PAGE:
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Chico State's independent student newspaper

The Orion

Chico State's independent student newspaper

The Orion

Chico State's independent student newspaper

The Orion

Alumni invent earthquake software

Katherine Fitzgerald, a Chico State civil engineering graduate, is working with other alumni to create a software program that detects earthquakes and building damages caused by earthquakes. Photo courtesy Katherine Fitzgerald

Chico State alumni are creating new software that can predict the building damage an earthquake can cause.

Katherine Fitzgerald, Dustin Cook and Travis Chrupalo were hired by Curt Haselton, a Chico State civil engineering professor, to complete the the Seismic Performance Prediction Program software.

The project for this software began in February and is scheduled to be released the week of Oct. 20th. The team has been collaborating with Stanford University faculty member Jack Baker since June of this year.

“There is a new move in structural engineering to move towards performance based design and that’s designing a building for how you want them to behave after an earthquake and this software helps with that,” Fitzgerald said.

Fitzgerald is a Chico State civil engineering graduate, and is currently pursuing a master’s degree in structural engineering at Stanford University.

The software helps engineers who design buildings to determine losses they can expect given a specific type of earthquake, she said.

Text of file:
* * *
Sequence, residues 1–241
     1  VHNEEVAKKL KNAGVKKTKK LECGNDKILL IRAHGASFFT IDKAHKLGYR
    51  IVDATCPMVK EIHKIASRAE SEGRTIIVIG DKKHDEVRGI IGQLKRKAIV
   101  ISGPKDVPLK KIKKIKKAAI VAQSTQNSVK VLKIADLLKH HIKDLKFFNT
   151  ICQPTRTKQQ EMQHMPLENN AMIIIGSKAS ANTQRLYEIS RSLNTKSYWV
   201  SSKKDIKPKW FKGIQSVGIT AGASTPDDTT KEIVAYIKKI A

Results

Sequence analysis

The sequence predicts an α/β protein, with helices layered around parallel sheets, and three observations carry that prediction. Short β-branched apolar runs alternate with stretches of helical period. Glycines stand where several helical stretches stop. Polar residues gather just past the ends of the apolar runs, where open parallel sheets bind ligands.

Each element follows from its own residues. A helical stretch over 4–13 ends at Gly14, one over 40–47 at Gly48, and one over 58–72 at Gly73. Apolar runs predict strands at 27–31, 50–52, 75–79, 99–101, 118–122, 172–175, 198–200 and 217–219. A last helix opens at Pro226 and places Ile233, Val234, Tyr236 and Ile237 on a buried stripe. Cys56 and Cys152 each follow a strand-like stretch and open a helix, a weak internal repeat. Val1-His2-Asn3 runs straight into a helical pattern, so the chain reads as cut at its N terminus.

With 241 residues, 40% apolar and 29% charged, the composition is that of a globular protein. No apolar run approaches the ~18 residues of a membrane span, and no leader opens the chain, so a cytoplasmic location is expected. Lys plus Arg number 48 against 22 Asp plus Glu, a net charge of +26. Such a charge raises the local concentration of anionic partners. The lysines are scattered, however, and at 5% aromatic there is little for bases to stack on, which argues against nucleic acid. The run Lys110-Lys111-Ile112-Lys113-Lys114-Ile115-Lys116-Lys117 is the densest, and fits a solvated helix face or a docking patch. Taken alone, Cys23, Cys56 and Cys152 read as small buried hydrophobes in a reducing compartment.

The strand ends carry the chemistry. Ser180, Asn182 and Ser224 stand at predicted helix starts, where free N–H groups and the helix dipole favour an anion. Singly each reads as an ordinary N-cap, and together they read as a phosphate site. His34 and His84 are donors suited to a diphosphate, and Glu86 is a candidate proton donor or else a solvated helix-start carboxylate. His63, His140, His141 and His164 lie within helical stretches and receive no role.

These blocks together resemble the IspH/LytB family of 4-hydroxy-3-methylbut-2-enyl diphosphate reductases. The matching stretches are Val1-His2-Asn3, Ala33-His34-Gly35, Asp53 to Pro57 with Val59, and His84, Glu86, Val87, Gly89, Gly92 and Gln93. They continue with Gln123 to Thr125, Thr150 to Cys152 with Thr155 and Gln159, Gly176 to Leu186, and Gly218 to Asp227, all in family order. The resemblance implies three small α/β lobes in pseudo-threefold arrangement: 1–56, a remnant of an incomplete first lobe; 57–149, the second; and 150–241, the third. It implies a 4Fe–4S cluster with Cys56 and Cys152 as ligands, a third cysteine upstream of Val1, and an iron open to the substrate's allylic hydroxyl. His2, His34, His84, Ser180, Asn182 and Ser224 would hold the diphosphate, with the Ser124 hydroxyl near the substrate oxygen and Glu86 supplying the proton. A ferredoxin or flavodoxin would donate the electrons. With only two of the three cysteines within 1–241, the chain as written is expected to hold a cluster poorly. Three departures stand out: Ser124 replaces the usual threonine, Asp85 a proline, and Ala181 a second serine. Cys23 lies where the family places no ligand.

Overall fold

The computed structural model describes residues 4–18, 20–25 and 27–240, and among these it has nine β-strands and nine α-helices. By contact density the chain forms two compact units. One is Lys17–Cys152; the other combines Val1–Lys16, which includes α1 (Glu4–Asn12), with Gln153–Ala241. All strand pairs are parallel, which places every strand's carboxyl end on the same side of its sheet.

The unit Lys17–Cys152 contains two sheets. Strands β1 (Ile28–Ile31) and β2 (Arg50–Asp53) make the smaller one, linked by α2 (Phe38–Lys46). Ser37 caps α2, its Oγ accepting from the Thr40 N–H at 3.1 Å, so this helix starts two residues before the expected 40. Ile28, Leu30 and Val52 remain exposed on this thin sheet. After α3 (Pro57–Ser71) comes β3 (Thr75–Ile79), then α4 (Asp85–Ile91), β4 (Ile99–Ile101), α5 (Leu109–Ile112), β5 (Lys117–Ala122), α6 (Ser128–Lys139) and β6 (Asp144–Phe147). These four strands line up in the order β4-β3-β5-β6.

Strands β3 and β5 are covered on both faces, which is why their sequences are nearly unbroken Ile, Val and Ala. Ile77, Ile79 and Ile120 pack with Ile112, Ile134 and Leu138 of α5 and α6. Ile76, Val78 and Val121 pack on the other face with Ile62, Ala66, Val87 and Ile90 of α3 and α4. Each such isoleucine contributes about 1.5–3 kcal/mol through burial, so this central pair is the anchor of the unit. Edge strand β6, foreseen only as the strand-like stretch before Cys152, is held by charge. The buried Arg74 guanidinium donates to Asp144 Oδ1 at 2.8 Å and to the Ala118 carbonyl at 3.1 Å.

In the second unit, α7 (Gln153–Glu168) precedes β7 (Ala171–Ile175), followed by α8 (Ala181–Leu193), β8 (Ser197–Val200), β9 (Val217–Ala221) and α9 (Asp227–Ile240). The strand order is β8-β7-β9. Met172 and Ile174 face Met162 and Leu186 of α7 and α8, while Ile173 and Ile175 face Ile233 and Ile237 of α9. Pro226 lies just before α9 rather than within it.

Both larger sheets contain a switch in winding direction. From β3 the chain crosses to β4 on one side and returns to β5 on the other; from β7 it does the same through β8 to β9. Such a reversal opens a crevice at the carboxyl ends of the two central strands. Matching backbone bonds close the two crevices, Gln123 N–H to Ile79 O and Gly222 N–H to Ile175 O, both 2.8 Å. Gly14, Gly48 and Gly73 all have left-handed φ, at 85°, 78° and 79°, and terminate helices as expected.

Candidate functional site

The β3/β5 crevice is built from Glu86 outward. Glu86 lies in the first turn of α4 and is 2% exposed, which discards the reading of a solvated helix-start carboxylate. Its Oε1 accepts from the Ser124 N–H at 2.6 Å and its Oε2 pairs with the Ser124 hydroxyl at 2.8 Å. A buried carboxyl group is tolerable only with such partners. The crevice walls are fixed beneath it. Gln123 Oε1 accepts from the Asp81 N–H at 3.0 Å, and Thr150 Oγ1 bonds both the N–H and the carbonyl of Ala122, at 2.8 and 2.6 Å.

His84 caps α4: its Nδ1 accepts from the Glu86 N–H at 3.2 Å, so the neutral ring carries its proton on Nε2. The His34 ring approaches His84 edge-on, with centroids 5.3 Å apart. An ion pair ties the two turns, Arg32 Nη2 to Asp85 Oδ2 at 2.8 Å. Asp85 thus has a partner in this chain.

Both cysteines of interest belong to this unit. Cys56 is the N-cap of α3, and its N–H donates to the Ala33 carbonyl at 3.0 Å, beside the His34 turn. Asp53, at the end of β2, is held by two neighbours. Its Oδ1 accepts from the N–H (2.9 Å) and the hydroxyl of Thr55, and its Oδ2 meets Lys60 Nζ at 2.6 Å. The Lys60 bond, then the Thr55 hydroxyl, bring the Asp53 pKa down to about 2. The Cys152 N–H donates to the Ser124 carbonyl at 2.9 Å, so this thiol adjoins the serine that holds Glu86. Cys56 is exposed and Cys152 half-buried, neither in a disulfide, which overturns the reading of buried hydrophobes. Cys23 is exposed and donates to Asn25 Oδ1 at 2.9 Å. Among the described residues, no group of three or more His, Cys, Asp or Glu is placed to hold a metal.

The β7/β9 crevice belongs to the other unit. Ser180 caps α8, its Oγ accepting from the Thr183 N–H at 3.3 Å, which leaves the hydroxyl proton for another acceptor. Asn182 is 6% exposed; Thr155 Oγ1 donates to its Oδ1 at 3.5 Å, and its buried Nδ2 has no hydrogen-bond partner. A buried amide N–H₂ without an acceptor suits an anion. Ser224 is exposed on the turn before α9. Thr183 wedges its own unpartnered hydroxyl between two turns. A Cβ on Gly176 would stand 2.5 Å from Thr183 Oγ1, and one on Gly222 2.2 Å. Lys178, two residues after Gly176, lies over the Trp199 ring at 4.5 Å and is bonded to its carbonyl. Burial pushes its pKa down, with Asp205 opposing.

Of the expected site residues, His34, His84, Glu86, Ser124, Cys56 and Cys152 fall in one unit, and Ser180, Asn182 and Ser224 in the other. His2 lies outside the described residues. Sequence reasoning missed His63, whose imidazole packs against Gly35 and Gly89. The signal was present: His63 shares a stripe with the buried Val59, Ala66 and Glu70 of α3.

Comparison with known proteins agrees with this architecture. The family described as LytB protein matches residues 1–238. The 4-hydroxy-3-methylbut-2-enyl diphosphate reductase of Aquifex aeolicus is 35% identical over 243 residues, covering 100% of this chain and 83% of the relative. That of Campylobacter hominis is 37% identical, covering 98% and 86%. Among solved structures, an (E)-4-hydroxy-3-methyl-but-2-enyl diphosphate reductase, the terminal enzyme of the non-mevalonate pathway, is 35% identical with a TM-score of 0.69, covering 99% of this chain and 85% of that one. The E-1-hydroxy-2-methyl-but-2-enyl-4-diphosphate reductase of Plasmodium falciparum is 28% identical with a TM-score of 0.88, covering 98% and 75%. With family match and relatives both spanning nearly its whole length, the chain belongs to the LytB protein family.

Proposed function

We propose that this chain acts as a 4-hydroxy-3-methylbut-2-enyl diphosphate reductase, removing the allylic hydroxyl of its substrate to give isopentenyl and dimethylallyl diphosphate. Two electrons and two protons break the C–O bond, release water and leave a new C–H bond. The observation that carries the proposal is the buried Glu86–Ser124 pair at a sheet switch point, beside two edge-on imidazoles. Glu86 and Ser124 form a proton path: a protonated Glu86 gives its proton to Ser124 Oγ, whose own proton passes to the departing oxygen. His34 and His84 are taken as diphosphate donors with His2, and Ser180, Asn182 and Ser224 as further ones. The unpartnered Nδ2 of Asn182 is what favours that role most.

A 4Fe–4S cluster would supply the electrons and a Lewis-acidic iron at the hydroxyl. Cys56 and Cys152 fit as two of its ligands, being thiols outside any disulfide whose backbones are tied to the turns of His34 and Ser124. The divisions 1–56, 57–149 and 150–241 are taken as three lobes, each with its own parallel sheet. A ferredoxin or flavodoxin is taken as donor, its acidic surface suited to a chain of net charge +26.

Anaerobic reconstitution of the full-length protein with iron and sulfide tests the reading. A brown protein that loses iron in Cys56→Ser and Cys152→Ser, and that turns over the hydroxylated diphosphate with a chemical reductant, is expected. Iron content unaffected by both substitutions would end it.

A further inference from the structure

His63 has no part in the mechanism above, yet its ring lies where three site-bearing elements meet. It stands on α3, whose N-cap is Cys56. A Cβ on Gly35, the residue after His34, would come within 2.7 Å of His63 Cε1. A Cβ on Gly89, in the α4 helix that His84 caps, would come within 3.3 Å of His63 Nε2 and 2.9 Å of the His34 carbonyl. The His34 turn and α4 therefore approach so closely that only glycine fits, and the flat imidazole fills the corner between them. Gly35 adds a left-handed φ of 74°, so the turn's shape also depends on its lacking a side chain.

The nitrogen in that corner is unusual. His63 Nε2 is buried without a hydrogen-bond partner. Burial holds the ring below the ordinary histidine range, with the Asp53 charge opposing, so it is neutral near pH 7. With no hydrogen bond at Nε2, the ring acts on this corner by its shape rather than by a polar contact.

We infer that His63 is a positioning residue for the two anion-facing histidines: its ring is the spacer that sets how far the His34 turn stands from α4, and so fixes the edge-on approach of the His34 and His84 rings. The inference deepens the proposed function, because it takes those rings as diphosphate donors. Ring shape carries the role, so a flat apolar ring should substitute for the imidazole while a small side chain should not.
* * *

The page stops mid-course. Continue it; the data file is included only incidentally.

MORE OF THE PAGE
After information about the building is recorded into the software, the program will tell what sort of damage can be expected, including predicted loss of money, expected fatalities and injuries and downtime, Fitzgerald said. The software also analyzes the likelihood of earthquakes in the area.

There are existing programs that predict earthquake damage but they aren’t as as efficient, she said.

“Some programs are very detailed about the building but they take an insane long amount of time and it’s very time consuming, and then there are others that take a much more relaxed approach but they’re less detailed,” Fitzgerald said.

The goal is to try to bridge the gap between these problems, she said.

A grant was provided by the National Science Foundation to help start the project and the research was funded by the Federal Emergency Management Agency.

The team is planning to sell the software program but information about who it will be sold to and how much it will cost has not been released yet.

Daisy Dardon can be reached at [email protected] or @daisydardon on Twitter.

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